A major focus of WIEGO’s urban policies work historically has been street vendors. WIEGO has completed a set of comparative research projects on the status of street vendors and street vendor associations in the context of the urban regulatory environment. This was followed by a set of local, national, and international policy dialogues to disseminate the findings and lessons from these studies.
WIEGO’s first two country-level studies on street vendors and urban policies were carried out in Kenya and South Africa in 1998-1999 (with support from IDRC). Winnie Mitullah worked on the Kenyan case study; Francie Lund and Caroline Skinner on the South African case. A second set of country studies, modelled on the first, were carried out in four other African countries: Cote d’Ivoire, Ghana, Uganda, and Zimbabwe from 2000-2002 (with support from the IDRC and the Rockefeller Foundation). Winnie Mitullah, Director of WIEGO’s Urban Policies Programme at the time, coordinated this work.
The studies, in each of the six countries, estimated the numbers of street vendors and studied the working conditions of street vendors, the level and nature of organizing among street vendors, the policy and regulatory environment within which street vendors operate, and the degree/nature of street vendor participation in policy dialogues at local, national, and regional levels.
Winnie Mitullah’s research process resulted in a number of policy dialogues and played a key role in the formation of the Kenyan National Alliance of Street Vendors and Informal Traders (KENASVIT).
Soon after the completion of the South African case, Francie Lund and Caroline Skinner were approached by the municipality in Durban to assist in developing an informal economy policy. After a year long policy development process, the city adopted the Informal Economy Policy. A similar process was initiated in the Province of KwaZulu-Natal, resulting in the Informal Economy Green Paper. However, this still has not been adopted as official policy.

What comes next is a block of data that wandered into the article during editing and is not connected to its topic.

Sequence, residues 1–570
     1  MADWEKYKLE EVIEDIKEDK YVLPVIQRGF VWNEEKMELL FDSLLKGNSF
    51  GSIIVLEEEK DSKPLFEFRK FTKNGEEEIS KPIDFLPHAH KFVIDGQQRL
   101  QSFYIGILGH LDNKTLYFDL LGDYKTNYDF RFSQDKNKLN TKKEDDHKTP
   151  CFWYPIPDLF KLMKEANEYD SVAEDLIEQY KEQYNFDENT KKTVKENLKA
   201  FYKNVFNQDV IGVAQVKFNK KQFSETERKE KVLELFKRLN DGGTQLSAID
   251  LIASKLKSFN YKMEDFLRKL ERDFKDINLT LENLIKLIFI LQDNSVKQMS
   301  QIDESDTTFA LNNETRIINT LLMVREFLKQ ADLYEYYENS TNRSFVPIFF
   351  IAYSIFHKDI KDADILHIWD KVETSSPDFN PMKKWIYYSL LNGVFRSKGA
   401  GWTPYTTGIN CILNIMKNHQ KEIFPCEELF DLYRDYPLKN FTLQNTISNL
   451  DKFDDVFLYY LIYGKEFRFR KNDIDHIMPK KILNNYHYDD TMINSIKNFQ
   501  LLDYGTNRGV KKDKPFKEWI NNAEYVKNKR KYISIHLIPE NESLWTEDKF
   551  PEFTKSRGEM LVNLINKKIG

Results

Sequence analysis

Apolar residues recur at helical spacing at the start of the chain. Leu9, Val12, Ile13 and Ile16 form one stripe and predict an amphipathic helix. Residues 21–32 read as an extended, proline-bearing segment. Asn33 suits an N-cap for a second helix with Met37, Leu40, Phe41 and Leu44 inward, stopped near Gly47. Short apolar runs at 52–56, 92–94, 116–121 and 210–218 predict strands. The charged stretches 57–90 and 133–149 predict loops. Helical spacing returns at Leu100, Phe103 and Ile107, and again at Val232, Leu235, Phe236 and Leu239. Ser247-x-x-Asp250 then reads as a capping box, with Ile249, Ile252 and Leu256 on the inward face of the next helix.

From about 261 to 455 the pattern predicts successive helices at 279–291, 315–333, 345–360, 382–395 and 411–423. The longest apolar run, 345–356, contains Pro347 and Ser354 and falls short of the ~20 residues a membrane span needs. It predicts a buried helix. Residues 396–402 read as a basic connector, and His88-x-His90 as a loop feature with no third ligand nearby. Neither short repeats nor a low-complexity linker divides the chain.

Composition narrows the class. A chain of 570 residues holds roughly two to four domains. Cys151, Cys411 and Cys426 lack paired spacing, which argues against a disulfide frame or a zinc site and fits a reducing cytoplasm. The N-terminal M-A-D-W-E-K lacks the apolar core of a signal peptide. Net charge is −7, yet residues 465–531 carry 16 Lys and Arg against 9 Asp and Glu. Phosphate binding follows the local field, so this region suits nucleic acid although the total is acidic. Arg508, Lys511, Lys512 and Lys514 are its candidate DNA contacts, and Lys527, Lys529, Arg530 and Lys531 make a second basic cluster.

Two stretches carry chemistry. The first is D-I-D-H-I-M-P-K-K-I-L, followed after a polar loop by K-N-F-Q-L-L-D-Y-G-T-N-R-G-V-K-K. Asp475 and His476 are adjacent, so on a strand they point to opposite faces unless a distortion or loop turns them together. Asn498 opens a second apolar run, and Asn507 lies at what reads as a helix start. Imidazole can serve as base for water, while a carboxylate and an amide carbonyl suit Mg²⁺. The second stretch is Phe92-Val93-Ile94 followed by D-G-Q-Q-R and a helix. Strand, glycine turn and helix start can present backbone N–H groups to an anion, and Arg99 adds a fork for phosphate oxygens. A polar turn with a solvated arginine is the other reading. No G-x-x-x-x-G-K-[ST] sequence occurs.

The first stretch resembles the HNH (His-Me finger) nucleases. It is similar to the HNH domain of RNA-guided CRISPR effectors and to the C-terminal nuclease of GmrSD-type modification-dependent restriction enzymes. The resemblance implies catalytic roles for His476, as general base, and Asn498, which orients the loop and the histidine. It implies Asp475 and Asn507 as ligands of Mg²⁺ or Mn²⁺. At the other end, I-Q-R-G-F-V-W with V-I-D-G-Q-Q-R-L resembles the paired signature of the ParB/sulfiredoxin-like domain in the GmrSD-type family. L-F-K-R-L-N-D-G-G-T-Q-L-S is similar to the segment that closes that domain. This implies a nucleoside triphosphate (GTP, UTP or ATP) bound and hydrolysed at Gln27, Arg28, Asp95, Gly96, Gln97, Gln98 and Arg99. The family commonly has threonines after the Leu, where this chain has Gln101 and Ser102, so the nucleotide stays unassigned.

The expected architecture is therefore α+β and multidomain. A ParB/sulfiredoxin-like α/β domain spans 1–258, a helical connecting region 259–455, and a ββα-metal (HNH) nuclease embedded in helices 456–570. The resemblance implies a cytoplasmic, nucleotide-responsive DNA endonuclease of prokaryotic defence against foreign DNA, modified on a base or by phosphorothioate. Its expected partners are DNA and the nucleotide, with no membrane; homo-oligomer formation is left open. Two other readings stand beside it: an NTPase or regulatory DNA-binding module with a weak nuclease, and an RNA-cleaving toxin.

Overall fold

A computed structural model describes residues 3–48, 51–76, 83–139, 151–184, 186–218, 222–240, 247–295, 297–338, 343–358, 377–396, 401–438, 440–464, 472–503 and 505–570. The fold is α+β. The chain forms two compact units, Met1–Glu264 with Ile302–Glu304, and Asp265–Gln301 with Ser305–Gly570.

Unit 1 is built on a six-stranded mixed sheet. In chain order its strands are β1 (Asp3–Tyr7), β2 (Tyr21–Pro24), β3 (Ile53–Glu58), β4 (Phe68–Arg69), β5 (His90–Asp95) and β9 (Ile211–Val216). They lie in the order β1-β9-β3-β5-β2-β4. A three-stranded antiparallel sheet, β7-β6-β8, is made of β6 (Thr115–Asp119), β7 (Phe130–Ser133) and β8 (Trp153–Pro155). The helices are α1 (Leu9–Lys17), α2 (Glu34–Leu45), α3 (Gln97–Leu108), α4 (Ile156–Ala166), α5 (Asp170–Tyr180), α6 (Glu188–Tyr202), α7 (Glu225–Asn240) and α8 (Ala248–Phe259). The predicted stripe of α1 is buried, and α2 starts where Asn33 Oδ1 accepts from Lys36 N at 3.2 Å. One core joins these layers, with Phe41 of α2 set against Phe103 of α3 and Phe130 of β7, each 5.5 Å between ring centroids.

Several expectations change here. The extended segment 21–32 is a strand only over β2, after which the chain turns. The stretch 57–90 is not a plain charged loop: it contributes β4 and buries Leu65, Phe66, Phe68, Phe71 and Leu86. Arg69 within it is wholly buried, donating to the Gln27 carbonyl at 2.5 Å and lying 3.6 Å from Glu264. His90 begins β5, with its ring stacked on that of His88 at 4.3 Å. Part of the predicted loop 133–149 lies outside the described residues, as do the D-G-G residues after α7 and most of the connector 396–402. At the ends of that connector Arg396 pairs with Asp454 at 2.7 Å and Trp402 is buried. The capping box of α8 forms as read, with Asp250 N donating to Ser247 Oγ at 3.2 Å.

In 1999, WIEGO and SEWA promoted a study of street vending in seven cities in India conducted by Sharit Bhowmik on behalf of the National Association of Street Vendors of India (NASVI). The findings were presented to the Ministry of Urban Development and Poverty Alleviation in the National Workshop on Hawkers /Street Vendors organized jointly by the Ministry and SEWA at Delhi in May 2001. The Ministry later announced the formation of a National Taskforce for Street Vendors. In 2004, after a policy development process, the Indian Government adopted the National Policy for Urban Street Vendors (read the PDF document - 17 MB). This is an international precedent.
With support from WIEGO, Sharit Bhowmik has completed an edited volume on street trading: Street Vendors in the Global Urban Economy. It is published by Routledge in India.
WIEGO has also completed a series of regional literature reviews on street trade:
- Skinner, Caroline. 2008. “Street Trade in Africa: A Review.” WIEGO Publication Series.
- Roever, Sally. 2006. “Street Trade in Latin America: Demographic Trends, Legal Issues, and Vending Organizations in Six Cities.” Review commissioned by WIEGO.
- Bhowmik, Sharit K. 2005. “Street Vendors in Asia: A Review.” Economic and Political Weekly, 28 May - 4 June.
- Mitullah, Winnie. 2004. “A Review of Street Trade in Africa.” Unpublished manuscript. Cambridge, MA: WIEGO.
WIEGO has also supported Caroline Skinner and Richard Dobson in documenting the lessons learned from the Warwick Junction, an award-winning case of including street traders in urban plans the inner city of Durban, South Africa. Working in Warwick, a book and photographic exhibition, was launched in Durban in June 2009. Given that city’s announcement in February 2009 that it will build a large shopping mall in the area, the book and exhibit have become advocacy tools. See more about Working in Warwick.